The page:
Friday, April 5, 2013

It Takes a Man and a Woman (Cathy Garcia-Molina)

Montenegro-Magtalas.

After the well-received "A Very Special Love" and the record-breaking "You Changed My Life", the much-lucrative romantic tandem of John Lloyd Cruz and Sarah Geronimo is finally back to once again rekindle the love story between rich hotshot Miggy Montenegro and the quirky Laida Magtalas, and people sure are elated. It also sure helps, anticipation-wise, that the film is widely accepted and believed to be the last one in the 'Miggy-Laida' movie franchise. But then again, I just want to remind you that, after all, this is Star Cinema we're dealing with here, so the next thing we know, we're watching Miggy and Laida, geriatric and all, inside a nursing home.
     
"It Takes a Man and a Woman", entitled so because it deals with the intrinsic essence of being a man and a woman in the context of love and also because, well, there's not much love songs left to choose from, is a rom-com film that capitalizes on the first two films' humor and one-liners too much that it ended up looking more like a rehash of its predecessors rather than a pure, standalone sequel. But thanks to Sarah Geronimo's infectious energy, the film's reliance on recycle humor has ironically proven to be one of the film's strongest points. After all, the movie is centered upon her character and on the humor that she endlessly churns out, so it just feels right for Ms. Geronimo to be a complete stand out among the rest, including even John Lloyd Cruz himself. But viewers beware: "It Takes a Man and a Woman" is a movie that can only be enjoyed by those who have already seen (and liked) the first two films. As for me who has always been slightly indifferent towards movies of this kind, I quite liked what I have seen. Although of course, typical for a Star Cinema feature, this one's got some issues too.
     
One of them is the fact that it has re-manufactured too much scenes from the first two films. Granted, the film, as what I have mentioned above, has been very conscious of what wonders recycling certain moments from its predecessors can do to elicit humor. But doing it too much can easily become quite a nuisance because one, it clogs the narrative with utter redundancy, and two, because it just goes to show that the screenwriters only have a few new things to offer.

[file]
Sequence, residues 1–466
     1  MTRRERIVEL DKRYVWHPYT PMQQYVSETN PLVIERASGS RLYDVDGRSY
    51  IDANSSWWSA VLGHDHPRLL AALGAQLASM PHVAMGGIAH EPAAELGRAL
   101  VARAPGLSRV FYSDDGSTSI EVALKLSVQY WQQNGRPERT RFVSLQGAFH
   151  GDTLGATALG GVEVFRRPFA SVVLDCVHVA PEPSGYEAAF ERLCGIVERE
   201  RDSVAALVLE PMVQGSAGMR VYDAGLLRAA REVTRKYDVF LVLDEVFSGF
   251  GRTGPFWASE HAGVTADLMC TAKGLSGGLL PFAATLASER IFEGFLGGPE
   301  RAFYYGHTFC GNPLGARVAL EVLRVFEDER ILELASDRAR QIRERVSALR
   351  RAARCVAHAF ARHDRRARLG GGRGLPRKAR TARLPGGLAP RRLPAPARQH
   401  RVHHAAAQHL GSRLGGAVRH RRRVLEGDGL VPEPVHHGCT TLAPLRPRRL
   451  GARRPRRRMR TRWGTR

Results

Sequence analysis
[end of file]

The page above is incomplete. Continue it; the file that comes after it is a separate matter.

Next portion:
I also hated how the movie has lazily resorted in using a thinly-written, blandly-realized character (played by Isabel Daza) as a momentary foil to the love team (Really? Aren't there any other options?). For me, with the Laida and Miggy characters being naturally repellant of each other (they are grudge-filled exes after all), the writers should have capitalized on that angle more and downplayed the surface level idea that they can't be together simply because there's an insubstantial third character involved. 
     
But despite of that deficiency, I loved how the movie has balanced work and play; that is, the film was able to mix the sentimentality and the humor without overcooking either. Well, let's just say that "It Takes a Man and a Woman" is the end product when we combine "A Very Special Love's" happy-go-lucky, abundantly comedic feel with "You Changed My Life's" more subtle dramatics.
     
But then, just when I thought that the film is quite walking the path of sun and breeze, the abominable final scenes came; scenes filled with globs and globs of sugar that even Willy Wonka would cringe. Suddenly, the balance that the film has maintained all throughout has suddenly vanished to give way to the utter glucose fest at hand. 
     
To be fair, "It Takes a Man and a Woman" is a very entertaining and well-realized crowd-pleaser, but for your own good, please do quietly walk out of the theater midway through the final 'airport' scene and calmly save yourself from the impending horror, for the final scenes are basically diabetes on celluloid.

FINAL RATING
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2 comments:

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  2. This is one of my top favorite of Sarah Geronimo’s movie. I just can’t wait for her latest project with Piolo entitled The Breakup Playlist. Making it more exciting, is the official soundtrack. All the best for OPM songs and also for Philippine movie industry  Paano Ba Ang Magmahal Lyrics and Chords

    ReplyDelete

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